7Artisans 35mm f/0.95

This is my first non-Fujifilm brand lens that I bought for my X-T2. I decided it was time to branch out, and I’ve heard a lot of good things about the 7Artisans brand. Right out of the box you can tell it is well made. The first thing I noticed was how solid it felt in my hands. The lens is an all-metal construction and definitely feels like it. The lens cap is even metal! Even though it is all metal, the lens is still not super heavy, and I haven’t noticed it being too heavy while shooting with it. This lens is equipped with 12 aperture blades, which allows it to create a smooth circular bokeh. See below for a table of the dimensions and specifications of the lens.

The glass configuration from the side of the box is shown below. There are two low dispersion elements within the lens. These help with color aberrations and help to improve the sharpness and contrast of the lens.

There are two ring controls on this lens, a focus ring and an aperture ring. Both are extremely smooth and easy to turn. This is exceptionally important for video. In the video clip below, I used the smooth focus ring to create a focus pull effect. There are no hiccups along the way going from blurred bokeh traffic to the entire frame in focus. I had to retrain myself to use a manual focus lens. I haven’t used one in a long time, and the way you take a photo feels different. With automatic lenses and their accuracy with focus these days, the focus is so on point that the photographer doesn’t need to worry much about it. When focusing manually you have to slow down and think about your shot more than you would with an automatic lens. I take much fewer shots when shooting with a manual lens than with an automatic lens. 

The image quality has been outstanding on this lens. I have only tried it a few times, but have been surprised by how sharp my shots have come out. There is minimal distortion on the images and the colors all look great. I did a test by taking the photo of the Lego miniatures below at four different apertures (f/0.95, f/2, f/4, and f/16). As is typical with large apertures, the center of the frame is sharp, and as you move to the edges the sharpness fades. Once you get to f/4 and f/16 the entire frame is very sharp and the difference between f/4 and f/16 is extremely minimal.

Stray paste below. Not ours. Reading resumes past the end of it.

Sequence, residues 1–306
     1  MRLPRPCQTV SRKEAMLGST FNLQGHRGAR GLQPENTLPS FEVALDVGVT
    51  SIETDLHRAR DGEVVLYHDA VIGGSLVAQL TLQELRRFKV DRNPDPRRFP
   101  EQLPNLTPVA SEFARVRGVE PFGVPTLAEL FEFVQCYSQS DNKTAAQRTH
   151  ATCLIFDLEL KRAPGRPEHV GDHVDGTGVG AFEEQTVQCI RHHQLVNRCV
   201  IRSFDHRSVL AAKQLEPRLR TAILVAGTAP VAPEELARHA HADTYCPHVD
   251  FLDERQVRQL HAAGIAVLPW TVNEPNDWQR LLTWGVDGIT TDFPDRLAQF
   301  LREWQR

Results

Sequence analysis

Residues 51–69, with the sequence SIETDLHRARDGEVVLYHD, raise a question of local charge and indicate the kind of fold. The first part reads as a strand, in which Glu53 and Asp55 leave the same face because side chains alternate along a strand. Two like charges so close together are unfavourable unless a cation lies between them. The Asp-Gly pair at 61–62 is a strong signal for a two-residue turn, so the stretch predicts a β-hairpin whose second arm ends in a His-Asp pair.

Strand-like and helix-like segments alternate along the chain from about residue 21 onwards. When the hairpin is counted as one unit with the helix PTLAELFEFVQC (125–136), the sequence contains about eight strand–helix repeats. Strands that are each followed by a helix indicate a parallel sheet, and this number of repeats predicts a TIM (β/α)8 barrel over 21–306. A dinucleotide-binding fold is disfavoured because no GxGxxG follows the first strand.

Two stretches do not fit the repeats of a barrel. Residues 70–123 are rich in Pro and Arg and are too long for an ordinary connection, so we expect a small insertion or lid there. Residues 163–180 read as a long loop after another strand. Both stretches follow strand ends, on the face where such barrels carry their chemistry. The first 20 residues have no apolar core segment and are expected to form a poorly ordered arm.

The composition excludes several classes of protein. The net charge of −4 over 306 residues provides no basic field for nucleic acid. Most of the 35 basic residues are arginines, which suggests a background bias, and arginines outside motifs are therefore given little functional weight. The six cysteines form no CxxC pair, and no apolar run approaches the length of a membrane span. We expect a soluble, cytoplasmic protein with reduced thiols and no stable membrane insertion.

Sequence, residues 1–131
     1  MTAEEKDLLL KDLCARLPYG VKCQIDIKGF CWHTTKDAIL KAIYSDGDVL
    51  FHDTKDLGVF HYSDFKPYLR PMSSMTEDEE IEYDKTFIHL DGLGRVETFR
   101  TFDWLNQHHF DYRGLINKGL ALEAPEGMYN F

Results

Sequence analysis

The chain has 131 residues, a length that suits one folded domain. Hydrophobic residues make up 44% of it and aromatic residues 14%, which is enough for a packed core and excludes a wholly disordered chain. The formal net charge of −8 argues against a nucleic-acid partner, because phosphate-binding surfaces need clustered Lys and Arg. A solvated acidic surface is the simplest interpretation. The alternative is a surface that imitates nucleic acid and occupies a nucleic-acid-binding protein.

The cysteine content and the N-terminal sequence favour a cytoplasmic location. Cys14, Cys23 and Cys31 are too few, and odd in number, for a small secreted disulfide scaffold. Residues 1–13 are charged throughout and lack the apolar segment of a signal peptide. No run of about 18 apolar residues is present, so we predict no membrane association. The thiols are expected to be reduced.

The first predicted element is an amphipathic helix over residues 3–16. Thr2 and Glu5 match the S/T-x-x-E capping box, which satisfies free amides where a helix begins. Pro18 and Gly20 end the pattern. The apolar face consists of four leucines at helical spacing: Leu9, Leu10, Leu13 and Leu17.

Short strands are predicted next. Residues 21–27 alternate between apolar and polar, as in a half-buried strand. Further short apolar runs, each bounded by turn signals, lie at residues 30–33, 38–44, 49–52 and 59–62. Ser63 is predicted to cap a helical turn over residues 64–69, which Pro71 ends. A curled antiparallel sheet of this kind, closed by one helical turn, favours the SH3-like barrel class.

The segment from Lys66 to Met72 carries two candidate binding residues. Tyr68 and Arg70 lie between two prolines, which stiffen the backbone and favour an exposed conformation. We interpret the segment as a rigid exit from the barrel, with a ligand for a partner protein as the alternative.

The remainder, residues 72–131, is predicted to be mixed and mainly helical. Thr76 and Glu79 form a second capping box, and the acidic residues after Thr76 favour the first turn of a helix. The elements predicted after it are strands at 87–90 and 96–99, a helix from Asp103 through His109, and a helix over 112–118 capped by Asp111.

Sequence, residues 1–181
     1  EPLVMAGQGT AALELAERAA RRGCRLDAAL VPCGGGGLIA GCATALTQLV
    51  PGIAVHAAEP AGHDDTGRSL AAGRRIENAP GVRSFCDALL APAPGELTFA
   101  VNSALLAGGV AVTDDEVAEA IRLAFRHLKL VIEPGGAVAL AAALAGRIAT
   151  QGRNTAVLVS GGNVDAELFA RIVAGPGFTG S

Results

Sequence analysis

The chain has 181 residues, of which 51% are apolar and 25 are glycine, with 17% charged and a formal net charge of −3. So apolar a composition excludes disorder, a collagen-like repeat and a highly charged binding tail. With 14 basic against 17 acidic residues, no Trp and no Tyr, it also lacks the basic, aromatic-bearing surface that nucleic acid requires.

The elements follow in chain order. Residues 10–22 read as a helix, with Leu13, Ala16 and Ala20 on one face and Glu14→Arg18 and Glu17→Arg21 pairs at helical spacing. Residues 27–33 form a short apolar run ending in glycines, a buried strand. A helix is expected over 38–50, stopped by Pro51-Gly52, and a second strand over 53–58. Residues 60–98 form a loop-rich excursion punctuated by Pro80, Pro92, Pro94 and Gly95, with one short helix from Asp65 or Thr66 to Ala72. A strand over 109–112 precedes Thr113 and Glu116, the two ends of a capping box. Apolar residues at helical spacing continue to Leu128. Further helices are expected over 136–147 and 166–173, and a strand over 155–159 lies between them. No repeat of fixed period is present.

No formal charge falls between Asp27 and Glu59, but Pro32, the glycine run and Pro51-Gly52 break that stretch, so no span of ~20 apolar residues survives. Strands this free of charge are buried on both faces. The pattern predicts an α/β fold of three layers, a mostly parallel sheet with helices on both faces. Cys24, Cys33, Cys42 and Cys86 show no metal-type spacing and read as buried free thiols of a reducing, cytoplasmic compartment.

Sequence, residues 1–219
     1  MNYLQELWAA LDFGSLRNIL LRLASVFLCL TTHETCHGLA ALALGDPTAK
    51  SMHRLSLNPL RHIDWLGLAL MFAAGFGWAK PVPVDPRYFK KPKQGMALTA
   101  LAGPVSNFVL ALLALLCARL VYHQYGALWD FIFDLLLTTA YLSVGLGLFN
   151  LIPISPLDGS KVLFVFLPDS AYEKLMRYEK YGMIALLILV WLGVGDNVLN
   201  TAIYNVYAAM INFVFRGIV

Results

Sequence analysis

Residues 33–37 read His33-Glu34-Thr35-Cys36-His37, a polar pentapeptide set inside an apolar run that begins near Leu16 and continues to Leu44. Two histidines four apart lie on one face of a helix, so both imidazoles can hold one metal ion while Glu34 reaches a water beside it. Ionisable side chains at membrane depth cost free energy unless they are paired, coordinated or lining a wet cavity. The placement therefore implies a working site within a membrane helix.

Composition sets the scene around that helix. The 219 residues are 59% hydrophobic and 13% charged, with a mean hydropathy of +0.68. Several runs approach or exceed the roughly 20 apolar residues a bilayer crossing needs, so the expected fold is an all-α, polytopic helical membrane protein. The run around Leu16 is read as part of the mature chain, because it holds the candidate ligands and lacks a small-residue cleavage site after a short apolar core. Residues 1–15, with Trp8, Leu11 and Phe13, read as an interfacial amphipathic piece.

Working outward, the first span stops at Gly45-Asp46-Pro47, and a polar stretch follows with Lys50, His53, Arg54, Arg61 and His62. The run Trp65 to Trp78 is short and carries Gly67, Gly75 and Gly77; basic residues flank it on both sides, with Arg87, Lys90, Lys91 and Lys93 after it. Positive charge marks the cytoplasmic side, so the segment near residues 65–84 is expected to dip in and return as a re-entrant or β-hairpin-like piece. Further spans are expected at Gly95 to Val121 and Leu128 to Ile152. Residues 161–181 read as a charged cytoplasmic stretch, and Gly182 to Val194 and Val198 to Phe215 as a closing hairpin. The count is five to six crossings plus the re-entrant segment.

F/0.95 Blow Up Images

f/0.95 - Center

f/0.95 - Corner

f/0.95 - Edge

F/2 Blow Up Images

f/2 - Center

f/2 - Corner

f/2 - Edge

F/4 Blow Up Images

f/4 - Center

f/4 - Corner

f/4 - Edge

F/16 Blow Up Images

f/16 - Center

f/16 - Corner

f/16 - Edge

One thing for sure to try with this lens is some depth of field shots. The 0.95 aperture can really create some unique qualities in a photo. The next two shots show focusing at f/0.95 and how much bokeh/blurred background you can achieve. The depth of field is so shallow it can be a bit challenging getting exactly what you want in focus. Maybe this is just me not being experienced enough with manual lenses but it took a few tries to get the shot I wanted. 

Overall, I have really enjoyed this lens and am glad I have added it to my arsenal for my X-T2. There are a few shots below that were taken with this lens. Adding a manual lens has been a great way to change things up and help my be more creative. The lens retails for $249. Not too bad for such a large aperture lens! I am looking at getting the super wide 7.5mm lens from 7Artisans as well. I think it would be a really fun lens to shoot with. Below you can see the unboxing video of the 35mm f/0.95.  Let me know your thoughts in the comments. If you have any questions you can contact me through the contact page. Hope this review helped you learn more about this lens!

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